Choose your own adventure and wander off the beaten path to discover some of Morocco’s best small towns with big surprises. Journey through picturesque landscapes, explore ancient ruins and encounter memorable, natural wonders.
While many first-time visitors to Morocco tend to flock to the big cities or take Sahara Desert treks, there are many small towns throughout the country that are often overlooked. Each town has its own unique charm and local history full of fascinating cultural treasures and genuinely, hospitable locals who will likely invite you into their homes to swap stories over a pot of delicious mint tea. Here are three towns that are sure to delight and fascinate plus a chance to experience more of Morocco’s natural wonders.
Larache is a cultural treasure in its own right. This beauty by the bay is a modern, seaport town located on Morocco’s Atlantic coast. Beyond the ancient city’s walls are buildings that reflect Moorish and Andalusian architectural influences. Overlooking the harbor, you will discover 17th-century Spanish artillery towers that are part of the Fort Al Kabibat that you can climb around and explore the interior. Larache is an easy day trip from Tangier with much to discover about the culture of Morocco.
Visit the ancient Roman ruins of Lixus, Morocco’s oldest archaeological site that has been inhabited since prehistoric times. Located just 5.5 km northeast of Larache on the banks of the Loukkos River, you won’t want to miss this golden opportunity to explore this deeply historical site surrounded by picturesque scenery.
From the Phoenicians to the Carthaginians and the Romans, Lixus has a plethora of ruins to explore. There are temples, Roman baths, sanctuaries, a cistern, and a citadel along with some yet to be restored mosaics. The majority of Lixus has yet to be excavated as currently around only 10% of the site has been excavated from the 1940-60s. What has been recovered and restored so far can be seen on display at the Tetouan Museum.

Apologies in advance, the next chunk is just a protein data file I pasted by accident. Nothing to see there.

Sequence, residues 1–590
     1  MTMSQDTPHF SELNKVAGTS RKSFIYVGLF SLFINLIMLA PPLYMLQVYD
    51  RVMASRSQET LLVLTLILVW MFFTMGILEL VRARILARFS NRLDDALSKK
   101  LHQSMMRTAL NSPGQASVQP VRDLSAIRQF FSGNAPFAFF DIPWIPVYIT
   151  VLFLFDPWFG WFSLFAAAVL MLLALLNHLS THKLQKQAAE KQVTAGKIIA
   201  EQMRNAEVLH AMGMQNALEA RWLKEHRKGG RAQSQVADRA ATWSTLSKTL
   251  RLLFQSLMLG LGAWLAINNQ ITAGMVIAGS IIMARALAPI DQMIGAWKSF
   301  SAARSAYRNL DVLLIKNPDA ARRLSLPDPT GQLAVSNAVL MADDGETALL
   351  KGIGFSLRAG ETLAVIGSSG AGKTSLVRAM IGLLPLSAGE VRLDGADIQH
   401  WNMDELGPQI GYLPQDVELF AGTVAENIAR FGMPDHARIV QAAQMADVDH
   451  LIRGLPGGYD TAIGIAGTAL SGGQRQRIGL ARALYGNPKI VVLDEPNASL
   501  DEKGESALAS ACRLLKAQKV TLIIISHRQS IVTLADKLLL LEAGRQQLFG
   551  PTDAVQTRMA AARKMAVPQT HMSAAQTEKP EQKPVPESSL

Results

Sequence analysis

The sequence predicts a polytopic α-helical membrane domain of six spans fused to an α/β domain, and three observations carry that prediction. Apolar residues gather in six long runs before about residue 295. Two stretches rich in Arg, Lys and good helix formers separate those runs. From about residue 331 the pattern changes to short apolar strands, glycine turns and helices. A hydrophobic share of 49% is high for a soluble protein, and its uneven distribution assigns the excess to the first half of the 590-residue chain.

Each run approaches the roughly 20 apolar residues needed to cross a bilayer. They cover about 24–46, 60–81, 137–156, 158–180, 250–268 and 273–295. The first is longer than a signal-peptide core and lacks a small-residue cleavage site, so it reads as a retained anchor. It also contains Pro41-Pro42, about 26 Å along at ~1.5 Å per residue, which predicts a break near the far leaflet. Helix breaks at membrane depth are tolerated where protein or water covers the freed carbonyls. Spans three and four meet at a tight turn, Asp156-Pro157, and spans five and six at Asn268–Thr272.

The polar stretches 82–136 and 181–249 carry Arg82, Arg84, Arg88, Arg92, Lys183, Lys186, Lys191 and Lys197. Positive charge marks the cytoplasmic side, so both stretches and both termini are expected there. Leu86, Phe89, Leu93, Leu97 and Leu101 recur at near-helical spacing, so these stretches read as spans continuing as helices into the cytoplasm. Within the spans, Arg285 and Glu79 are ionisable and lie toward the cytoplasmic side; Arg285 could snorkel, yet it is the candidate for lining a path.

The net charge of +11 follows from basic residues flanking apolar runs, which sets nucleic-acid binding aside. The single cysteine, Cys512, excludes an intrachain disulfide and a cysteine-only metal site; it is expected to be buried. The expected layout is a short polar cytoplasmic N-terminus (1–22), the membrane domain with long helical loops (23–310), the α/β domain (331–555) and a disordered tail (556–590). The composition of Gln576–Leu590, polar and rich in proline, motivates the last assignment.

What is truly remarkable is the ruins are open and unguarded so you can wander around carefree. You might just get lucky enough to have the entire place to yourself.
Larache boasts plenty of white sandy beaches that are near the city center like the popular Ras R’mel Beach. In recent years, many tourists, native and foreign, flock to the seashore to take in the wind and waves or go for a swim. Looking to break from the crowds, you can travel a short 7 km away from the town near the Loukkos Estuary where you will have plenty of space to soak up the sun. From public beaches to a luxury resort, whatever your fancy for a relaxing, ocean experience you are sure to find it here.
Galerie Afnar features an excellent contemporary photography collection and artworks by local artists. Stroll around the palm tree-lined Place de la Liberation and disappear into the medina through the majestic gateway of Bab el Khemis, a stunning example of Moorish architectural style. Writers and fans of French literature will appreciate a visit to French poet Jean Genet’s grave located in the old Spanish cemetery.
You can attend a midday mass at the Church of Our Lady Pilar, Iglesia de Nuestra Senora del Pilar, established in 1931 and one of Morocco’s few active, remaining churches.